HOST: She is the former Sean Hannity producer, and also the co-host of “The Answer” in the morning with Sean Hannity and Brian Whitman…
KATIE THORNTON: She co-hosted the morning show on Salem’s Los Angeles station with Ben Shapiro. Now one of the country’s most popular conservative podcasters. Krauss, then an anti-Trump conservative, said staff pressured her to cover Trump more favorably during the 2016 election. She didn’t, and she said she felt she was fired because of it. The company said it was because she didn’t have great chemistry with one of her co-hosts — who was a very rare liberal voice on the station, but who was also eventually let go. Back in 2016, their other co-host Ben Shapiro didn’t support Trump either. When he sent Phil Boyce an email asking how to cover the candidate, Boyce responded with a message saying Salem didn't have an official position — but that the CEO of the company had argued that beating Hillary would mean supporting Trump.
Boyce wrote, "I suggest that you become a trial lawyer. You suspect your client is guilty, but you are paid to get him off." Shapiro left of his own accord. The weeding out continued into 2018. Here’s Phil Boyce at that conference again.
BOYCE: I've got a host right now. I'm coaching him out of bad habits. He, he, he understood that Trump is, is good for our audience, but there's some days he just can't bring himself to say good stuff.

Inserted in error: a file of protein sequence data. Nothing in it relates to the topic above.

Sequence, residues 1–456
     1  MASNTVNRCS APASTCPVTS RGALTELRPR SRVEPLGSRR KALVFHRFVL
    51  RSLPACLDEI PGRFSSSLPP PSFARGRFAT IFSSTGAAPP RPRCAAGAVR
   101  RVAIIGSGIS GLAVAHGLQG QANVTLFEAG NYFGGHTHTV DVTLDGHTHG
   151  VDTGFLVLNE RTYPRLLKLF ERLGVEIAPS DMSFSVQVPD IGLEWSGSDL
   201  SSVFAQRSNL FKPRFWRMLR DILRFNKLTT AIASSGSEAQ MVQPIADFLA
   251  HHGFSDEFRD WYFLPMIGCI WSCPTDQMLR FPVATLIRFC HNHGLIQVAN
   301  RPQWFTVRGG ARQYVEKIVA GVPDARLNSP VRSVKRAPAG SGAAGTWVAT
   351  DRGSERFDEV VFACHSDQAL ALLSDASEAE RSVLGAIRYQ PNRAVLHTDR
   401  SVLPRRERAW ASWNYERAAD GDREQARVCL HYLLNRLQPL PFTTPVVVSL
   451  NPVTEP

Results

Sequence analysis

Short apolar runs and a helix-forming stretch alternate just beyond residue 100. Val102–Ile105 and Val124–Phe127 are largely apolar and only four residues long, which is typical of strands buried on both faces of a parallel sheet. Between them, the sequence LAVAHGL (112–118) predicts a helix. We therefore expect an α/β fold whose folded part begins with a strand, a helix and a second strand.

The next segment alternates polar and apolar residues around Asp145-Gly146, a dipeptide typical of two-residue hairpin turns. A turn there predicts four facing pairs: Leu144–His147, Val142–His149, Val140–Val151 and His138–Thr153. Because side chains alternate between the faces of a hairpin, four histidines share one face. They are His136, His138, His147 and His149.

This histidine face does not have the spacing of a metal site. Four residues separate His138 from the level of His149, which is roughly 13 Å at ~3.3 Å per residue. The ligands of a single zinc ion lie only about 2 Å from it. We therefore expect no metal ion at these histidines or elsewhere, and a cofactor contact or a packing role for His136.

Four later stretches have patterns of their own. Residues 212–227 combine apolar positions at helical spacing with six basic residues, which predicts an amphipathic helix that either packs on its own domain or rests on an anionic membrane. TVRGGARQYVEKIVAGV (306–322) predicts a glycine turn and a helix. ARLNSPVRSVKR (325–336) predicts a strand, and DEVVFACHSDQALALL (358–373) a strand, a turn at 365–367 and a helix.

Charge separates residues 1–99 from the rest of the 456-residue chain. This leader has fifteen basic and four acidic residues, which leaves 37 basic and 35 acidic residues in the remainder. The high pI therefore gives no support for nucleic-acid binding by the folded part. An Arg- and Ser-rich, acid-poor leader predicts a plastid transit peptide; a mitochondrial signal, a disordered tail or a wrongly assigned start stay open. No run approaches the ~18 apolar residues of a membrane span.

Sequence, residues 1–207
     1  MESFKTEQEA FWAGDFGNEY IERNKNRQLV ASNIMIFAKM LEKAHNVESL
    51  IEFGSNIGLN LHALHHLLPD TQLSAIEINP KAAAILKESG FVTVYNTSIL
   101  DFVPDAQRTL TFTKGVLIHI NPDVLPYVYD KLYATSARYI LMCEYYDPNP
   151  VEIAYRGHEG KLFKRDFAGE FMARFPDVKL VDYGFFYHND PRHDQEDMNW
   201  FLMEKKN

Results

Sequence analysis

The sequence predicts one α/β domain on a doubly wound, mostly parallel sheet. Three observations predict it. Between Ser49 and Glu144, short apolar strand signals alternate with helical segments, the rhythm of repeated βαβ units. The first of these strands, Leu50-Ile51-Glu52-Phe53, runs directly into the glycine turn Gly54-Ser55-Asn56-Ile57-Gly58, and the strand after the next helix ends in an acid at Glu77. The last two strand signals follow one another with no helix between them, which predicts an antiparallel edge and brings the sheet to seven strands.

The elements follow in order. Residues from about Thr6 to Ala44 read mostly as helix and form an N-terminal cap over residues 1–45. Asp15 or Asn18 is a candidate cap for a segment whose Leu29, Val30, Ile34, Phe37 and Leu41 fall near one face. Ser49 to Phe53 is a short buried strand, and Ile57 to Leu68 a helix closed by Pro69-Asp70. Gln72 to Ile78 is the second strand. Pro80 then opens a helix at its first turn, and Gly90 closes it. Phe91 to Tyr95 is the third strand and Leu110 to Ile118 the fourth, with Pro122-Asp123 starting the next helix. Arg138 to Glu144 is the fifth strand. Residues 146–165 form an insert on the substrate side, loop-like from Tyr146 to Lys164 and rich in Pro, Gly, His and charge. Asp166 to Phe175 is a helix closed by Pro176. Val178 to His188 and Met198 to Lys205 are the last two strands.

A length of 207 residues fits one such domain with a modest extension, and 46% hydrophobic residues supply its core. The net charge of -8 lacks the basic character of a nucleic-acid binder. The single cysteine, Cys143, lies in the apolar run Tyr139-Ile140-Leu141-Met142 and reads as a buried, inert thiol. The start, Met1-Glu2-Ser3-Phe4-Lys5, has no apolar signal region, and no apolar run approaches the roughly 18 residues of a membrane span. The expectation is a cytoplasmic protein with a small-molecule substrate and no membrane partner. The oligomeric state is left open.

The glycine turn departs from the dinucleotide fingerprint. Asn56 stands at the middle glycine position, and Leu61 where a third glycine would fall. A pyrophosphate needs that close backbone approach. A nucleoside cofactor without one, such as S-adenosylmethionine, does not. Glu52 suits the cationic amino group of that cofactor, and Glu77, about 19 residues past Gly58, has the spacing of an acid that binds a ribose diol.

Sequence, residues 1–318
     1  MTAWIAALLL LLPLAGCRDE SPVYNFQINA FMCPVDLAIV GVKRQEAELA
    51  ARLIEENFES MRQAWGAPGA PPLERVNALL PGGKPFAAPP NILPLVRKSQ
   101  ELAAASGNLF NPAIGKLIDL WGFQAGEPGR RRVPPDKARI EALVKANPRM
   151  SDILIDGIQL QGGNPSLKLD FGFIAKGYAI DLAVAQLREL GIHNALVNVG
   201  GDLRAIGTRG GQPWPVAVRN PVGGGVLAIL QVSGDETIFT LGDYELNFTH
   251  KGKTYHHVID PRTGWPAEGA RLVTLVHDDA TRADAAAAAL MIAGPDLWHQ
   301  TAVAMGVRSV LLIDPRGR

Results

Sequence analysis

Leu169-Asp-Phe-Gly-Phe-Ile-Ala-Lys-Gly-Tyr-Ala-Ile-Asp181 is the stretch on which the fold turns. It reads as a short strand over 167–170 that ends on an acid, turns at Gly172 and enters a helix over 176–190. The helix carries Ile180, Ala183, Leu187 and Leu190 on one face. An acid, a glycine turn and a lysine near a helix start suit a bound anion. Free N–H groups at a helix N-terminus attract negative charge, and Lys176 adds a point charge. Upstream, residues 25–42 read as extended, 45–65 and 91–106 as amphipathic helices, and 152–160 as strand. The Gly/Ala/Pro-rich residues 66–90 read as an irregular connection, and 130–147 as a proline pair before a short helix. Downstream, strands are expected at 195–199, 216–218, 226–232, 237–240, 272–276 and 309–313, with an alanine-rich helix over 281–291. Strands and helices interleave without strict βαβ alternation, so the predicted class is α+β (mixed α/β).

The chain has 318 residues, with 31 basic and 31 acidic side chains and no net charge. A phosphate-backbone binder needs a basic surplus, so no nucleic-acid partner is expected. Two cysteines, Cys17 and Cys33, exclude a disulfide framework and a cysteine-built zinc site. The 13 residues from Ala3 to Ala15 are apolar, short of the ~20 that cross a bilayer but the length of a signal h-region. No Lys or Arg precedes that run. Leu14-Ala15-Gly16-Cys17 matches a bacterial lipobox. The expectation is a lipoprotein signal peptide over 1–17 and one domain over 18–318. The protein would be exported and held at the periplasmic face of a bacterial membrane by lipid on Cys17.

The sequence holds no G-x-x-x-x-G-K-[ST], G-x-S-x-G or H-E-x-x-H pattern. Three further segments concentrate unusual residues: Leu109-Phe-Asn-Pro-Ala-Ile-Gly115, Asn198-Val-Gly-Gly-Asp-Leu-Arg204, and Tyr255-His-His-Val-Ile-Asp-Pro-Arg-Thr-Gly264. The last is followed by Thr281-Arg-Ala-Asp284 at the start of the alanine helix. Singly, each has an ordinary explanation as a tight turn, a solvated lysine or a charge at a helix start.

KATIE THORNTON: A few years earlier, former republican congressman and Salem host Joe Walsh had suggested that President Obama and BLM activists were to blame for a lone gunman’s murder of five police officers. His tweet read, “This is now war. Watch out Obama. Watch out Black Lives Matter punks. Real America is coming after you.” But he was fickle on Trump.
BOYCE: And I said, what are you doing? Your listeners rely on us. We are the antidote to the mainstream media. If you align yourself with them, you'll eventually lose.
KATIE THORNTON: Salem pulled the plug on Walsh’s show shortly after — though they said it wasn’t because of his stance on Trump. That same year, host Michael Medved — also an anti-Trump conservative, and who had been with Salem for more than 20 years — was let go, too. Salem said it wasn’t because of his politics. But A lot of company staff who were fired around this time went on the record saying there was a purge of anti-Trumpers at Salem.
Eric Metaxas, though, was safe. Despite his earlier wavering, by 2016 he was committed to the Salem company line, even writing an op ed for the Wall Street Journal arguing that Christians needed to throw their support behind Donald Trump.
METAXAS: If you care about America, you sometimes you have to hold your nose and vote for the person who's going to do the least damage or who's going to maybe pull you back from the brink. I'm genuinely convinced that that means voting for Trump.